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A groundbreaking ceremony for the University’s $28.6 million state-of-the-art recreation center took place Oct. 1 at the center’s site at New Street and North Campus Drive.
Designed by Moody Nolan Architects, Inc. of Ohio and the Spiezle Group in Media, Pa., the new center “is going to be one of the campus’ most impressive buildings,” says Dee Giardina, the University’s Executive Director of Facilities, Design and Construction. “The current and past students who were involved in the planning over the years should be very proud.”
Diane DeVestern, Assistant Vice President for Students Affairs and a member of the center’s planning committee, agrees.
“We owe many thanks to former student leaders – our current alumni – who contributed their time and effort in working on the recreation center project so future students could enjoy such a facility,” she notes. “This new center will be a wonderful addition to student life, providing a gathering place that offers a wide variety of activities promoting wellness and a healthy lifestyle.”
When completed, the 72,575-square-foot facility will include a fitness center four times the size of the current fitness facility in Sykes Student Union.
Students who want to play basketball, volleyball, soccer, badminton or any one of a number of different kinds of hockey, for example, will be able to do so on a three-court gym with multiple floors to accommodate their preferences. Racquetball courts will easily be converted for squash players. Students who want to jog indoors will be able to take advantage of the elevated three-lane, mile-long track that circles the entire building, overlooking not only the gym and fitness area, but offering a panoramic view of the campus quad and Philips Memorial building.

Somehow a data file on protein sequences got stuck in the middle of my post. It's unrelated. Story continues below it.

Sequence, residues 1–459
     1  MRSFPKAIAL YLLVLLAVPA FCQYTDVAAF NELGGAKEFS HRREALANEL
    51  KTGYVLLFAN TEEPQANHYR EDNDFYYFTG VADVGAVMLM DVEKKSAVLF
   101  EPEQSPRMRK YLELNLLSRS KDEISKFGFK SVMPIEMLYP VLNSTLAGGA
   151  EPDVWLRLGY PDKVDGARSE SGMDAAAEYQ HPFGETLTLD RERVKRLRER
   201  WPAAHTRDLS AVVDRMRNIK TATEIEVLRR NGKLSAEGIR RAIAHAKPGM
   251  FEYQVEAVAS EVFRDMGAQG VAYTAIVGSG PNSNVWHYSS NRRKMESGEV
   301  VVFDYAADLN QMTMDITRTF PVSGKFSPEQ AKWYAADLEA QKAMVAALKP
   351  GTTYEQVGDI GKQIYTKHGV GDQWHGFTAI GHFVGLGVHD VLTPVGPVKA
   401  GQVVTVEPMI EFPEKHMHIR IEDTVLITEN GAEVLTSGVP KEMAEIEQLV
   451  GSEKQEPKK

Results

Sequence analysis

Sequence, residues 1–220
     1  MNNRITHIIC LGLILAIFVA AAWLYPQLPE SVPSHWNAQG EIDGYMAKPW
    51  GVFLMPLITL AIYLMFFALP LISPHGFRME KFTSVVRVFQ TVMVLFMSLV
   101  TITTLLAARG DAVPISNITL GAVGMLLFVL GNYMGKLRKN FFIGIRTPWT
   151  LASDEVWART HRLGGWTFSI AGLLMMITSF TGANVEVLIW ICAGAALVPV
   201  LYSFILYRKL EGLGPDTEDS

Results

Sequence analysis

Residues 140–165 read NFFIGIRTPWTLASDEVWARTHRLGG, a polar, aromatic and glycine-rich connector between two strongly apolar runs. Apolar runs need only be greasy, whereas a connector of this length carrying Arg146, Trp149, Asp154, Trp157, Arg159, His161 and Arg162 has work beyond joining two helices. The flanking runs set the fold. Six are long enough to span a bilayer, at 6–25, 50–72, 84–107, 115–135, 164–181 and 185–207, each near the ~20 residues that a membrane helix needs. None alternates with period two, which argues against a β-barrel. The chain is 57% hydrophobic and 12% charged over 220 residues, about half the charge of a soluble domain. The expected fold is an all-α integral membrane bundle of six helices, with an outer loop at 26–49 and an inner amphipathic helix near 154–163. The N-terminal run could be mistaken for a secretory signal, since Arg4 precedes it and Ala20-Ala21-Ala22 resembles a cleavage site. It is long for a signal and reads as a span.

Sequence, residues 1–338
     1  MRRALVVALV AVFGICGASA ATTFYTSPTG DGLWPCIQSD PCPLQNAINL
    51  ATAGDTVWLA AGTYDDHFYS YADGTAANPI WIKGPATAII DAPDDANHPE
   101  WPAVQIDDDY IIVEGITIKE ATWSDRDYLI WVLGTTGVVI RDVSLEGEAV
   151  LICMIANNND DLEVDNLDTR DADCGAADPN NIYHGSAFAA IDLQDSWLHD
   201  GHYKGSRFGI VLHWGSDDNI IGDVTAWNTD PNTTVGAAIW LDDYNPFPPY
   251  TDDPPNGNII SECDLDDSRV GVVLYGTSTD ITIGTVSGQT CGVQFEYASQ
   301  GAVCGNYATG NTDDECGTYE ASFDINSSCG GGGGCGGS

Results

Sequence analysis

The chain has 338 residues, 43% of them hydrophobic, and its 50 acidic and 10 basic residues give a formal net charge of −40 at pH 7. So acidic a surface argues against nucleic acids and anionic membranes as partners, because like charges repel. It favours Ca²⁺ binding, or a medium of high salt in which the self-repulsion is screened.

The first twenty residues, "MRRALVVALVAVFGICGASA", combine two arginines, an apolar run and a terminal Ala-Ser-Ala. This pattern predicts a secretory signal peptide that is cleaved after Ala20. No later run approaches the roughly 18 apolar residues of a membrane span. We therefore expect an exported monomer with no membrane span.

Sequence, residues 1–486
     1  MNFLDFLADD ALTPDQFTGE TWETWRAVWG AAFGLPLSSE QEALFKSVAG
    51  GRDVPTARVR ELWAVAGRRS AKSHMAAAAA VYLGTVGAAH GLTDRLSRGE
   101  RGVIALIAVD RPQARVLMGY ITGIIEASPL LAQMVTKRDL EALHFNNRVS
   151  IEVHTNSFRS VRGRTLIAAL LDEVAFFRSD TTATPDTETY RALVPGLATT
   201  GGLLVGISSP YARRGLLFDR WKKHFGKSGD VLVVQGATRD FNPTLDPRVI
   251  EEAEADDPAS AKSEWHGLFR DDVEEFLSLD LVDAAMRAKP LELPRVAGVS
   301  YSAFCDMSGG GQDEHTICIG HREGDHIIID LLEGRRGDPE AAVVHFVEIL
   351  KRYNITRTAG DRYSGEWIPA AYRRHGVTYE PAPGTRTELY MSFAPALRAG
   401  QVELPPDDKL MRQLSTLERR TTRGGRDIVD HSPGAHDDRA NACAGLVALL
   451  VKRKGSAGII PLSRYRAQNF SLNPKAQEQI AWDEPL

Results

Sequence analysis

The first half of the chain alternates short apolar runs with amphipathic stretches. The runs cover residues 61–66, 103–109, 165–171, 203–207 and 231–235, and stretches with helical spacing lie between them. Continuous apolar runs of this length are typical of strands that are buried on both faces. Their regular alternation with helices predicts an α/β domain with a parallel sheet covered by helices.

There will be spinning rooms, meditation areas, social lounges and a “hydration” station with a refreshment area that includes a juice bar, where a glass and “green wall” will create indoor and outdoor terraces.
One of the building’s most dramatic features will be a three-story climbing wall located in the middle of the building where climbers will have a view of all the activity occurring around them. Its design and rough textured surface borrow features from both a climbing wall and a boulder wall with hookups for rigging and protective fall zones.
Two “green roofs” will cover part of the building, while much of the interior, including the track, carpet, and part of the gym floors will be made of recycled materials. And, in keeping with the University’s commitment to sustainability, the new recreational center will be tied into the geothermal system which eventually will heat and cool most of the University’s residence life and academic buildings. The system’s technology relies on the earth’s natural heat and needs no external fuels save a little electricity to distribute heated or cooled air throughout the buildings.
Construction is expected to be completed by August 2012.